Here at sticks-a-gog0 Art Cloth, I am pleased to introduce the collaboration between our current collection with the Bokeh Collection. These two collections work together creating an aesthetically pleasing art form. An art form viewed on fabric for the discerning sewist/designer.
In short, Boke is a Japanese photographic technique that produces an aesthetic quality of blurring. “In 1997, the English spelling bokeh was popularized under the direction of Mike Johnston of Photo Techniques Magazine.” Wikipedia
I am excited to introduce the Bokeh Collection to the line of sticks-a-gogo Art Cloth.
A few years ago, I discovered the positive effects of hiking. On those many outings, I would carry my cellphone and chronicle the flora and fauna in my own backyard, so to speak. I wanted to share the images with others, so I started posting to Instagram.
After positive comments regarding my images, what was my next step? How could I reach a broader audience? Just by coincidence, I overheard a conversation about print-on-demand for fabric. This could be a perfect vehicle for sharing the natural landscape of my local park trail with others. Did I mention, I also consider sewing one of my passions?
In previous blog posts, I’ve mentioned using the lens of my cellphone camera to record my narrative in images absent of words. My visual diary is not hidden in a book locked with a key, its present for all to see.
My story is told to a wider audience through surface design on fabric. For me, it’s gratifying to share my talent to the world looking for an informed collective that appreciates my talent .
After researching various resources for print on demand, I selected Spoonflower for this endeavor. I’ve participated in design competitions with Spoonflower, but have not won, yet! My designs do not look like everyone else’s, and it’s a good thing because my visual diary stands apart from the rest. I like being unique…
My special place for creativity consists of books, yarn and fabric. I don’t favor one over the other because color, texture, and print are wonderful companions for me and each other.
Recently, I finished knitting a Long Cardigan designed by Jane Yu found in Noro Magazine Issue 15. Noro’s bouclé yarn,Kanzashi, creates a bouclé fabric reminiscent of the Chanel Jacket. Bouclé yarn is an uneven yarn of three plies one of which forms loops at intervals. Hence, French meaning “to curl.”
My long cardigan compliments the Cher Knit Dress by Style Arc Patterns. I’ve recently discovered Style Arc Patterns from Australia.
“Some things never go out of fashion. Jeans, the white shirt and the Chanel jacket.” – Karl Lagerfeld
Mobile Photography is the future of the art form. Discrete intimate and always accessible to capture a moment. – David S. McNamara
Photographs are said to preserve a moment in time, chronicle a piece of history, and refer to the ephemeral. Does the act of photo manipulation rewrite the history documented in the original photograph? I don’t use photos as a memory aid, but as a way to manipulate color, patterns and shape. I decided to co-mingle technology with textiles producing sticks-a-gogo Art Cloth.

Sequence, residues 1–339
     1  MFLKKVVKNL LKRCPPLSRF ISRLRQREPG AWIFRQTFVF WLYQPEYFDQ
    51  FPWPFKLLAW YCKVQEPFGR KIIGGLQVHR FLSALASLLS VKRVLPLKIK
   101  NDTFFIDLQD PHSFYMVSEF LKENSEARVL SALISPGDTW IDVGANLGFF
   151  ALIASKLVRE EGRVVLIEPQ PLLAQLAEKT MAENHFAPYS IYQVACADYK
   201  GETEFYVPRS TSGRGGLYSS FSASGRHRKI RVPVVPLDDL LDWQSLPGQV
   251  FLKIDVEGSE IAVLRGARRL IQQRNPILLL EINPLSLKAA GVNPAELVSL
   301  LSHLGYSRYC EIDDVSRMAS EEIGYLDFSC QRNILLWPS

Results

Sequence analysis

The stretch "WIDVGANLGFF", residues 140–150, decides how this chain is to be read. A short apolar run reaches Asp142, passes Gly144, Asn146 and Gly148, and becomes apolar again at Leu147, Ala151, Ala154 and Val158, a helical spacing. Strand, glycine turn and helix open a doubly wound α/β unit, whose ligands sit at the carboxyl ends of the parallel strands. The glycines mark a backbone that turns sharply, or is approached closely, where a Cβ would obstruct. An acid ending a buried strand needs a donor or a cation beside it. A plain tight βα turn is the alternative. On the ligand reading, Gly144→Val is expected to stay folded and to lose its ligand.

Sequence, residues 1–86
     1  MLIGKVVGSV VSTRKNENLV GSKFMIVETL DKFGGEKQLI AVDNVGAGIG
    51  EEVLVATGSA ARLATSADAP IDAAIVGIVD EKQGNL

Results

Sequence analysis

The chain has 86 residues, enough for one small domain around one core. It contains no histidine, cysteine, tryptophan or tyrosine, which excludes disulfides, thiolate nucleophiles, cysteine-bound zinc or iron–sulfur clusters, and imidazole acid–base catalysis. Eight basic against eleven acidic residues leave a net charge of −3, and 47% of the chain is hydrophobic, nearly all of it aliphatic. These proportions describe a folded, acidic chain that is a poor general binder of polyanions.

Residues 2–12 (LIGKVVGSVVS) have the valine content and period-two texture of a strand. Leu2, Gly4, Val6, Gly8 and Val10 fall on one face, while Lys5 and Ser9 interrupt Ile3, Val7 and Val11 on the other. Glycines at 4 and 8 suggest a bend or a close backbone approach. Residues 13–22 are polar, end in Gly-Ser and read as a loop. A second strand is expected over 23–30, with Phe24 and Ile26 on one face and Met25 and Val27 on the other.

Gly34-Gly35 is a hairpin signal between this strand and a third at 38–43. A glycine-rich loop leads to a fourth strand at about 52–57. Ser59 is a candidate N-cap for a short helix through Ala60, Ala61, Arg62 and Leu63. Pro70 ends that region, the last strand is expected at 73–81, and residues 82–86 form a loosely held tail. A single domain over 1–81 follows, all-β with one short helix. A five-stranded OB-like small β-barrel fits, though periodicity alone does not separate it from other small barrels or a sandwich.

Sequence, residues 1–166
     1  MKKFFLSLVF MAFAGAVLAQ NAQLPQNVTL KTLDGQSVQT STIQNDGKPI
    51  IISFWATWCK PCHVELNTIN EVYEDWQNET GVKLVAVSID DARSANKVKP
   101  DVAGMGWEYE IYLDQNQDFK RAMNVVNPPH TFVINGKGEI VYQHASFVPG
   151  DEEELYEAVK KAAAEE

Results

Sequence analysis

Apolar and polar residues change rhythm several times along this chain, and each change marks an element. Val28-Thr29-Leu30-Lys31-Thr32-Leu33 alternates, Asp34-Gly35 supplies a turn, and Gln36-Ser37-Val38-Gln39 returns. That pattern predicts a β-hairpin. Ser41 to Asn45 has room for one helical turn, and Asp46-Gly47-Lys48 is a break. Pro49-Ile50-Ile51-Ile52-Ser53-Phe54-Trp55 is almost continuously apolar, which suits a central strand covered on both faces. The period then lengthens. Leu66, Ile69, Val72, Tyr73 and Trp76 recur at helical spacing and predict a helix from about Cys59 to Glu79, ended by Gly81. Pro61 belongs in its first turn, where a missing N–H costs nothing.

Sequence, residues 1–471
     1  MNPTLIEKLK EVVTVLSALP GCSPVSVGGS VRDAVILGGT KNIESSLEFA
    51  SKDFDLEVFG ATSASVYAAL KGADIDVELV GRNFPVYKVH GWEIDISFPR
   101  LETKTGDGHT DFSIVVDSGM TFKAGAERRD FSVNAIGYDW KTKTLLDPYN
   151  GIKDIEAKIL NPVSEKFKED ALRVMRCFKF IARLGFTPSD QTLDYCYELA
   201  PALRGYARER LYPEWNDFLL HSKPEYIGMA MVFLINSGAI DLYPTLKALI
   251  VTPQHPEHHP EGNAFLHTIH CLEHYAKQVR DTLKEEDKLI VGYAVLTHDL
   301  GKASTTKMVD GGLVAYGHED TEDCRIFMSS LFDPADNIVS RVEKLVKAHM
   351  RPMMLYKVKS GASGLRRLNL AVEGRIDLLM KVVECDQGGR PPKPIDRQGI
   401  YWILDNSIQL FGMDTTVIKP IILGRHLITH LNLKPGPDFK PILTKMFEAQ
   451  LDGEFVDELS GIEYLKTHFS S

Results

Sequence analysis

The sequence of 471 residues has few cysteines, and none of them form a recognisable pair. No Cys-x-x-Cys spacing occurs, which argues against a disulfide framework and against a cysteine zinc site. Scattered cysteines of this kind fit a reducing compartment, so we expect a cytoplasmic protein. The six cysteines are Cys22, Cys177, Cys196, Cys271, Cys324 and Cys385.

For the last two years, I’ve produced images for surface design on fabric. Below are two examples, showing the original image and the resulting surface element.
Over and over, I keep asking myself the same question, “What am I good at?” Of course, this question does not refer to me as a person, but as an artist. I’m an accomplished knitter publishing free patterns on Ravelry. Out of necessity, I learned how to sew my first garment when I was eight years old, and currently I’m enrolled in the Fashion Program at Canada College located in Redwood City, California. Later in life, I studied Art History at the University of California, Berkeley. Fulfilling a life-long dream, and being the first in my family to graduate from college was bittersweet. But, “What am I good at?”
As a young girl, I enjoyed taking pictures with my father’s Kodak Instamatic Camera with plastic flash cubes. When my father started using the Polaroid Camera with the peel-apart color prints, I was hooked. I carried a Polaroid Pocket Camera everywhere I went. A few years back, I began experimenting with Holga plastic cameras. The journey which began with “red eyes,” instant color prints along with the double-exposure capability using 120 film, prepared me for the boundless creative options of the cellphone camera.
How could I take advantage of the beautiful art images I captured with my cellphone camera? In a world with digital prints on fabric, why not put my images on fabric? Better yet, why not sew with fabric which created a digital narrative of what I “see” as interesting.
These photos were sent to me by Virginia. Along with sticks-a-gogo Art Cloth, Virginia used the Yuya Dress pattern by Damar Studio. It is so gratifying to see my digital narrative take on a new meaning.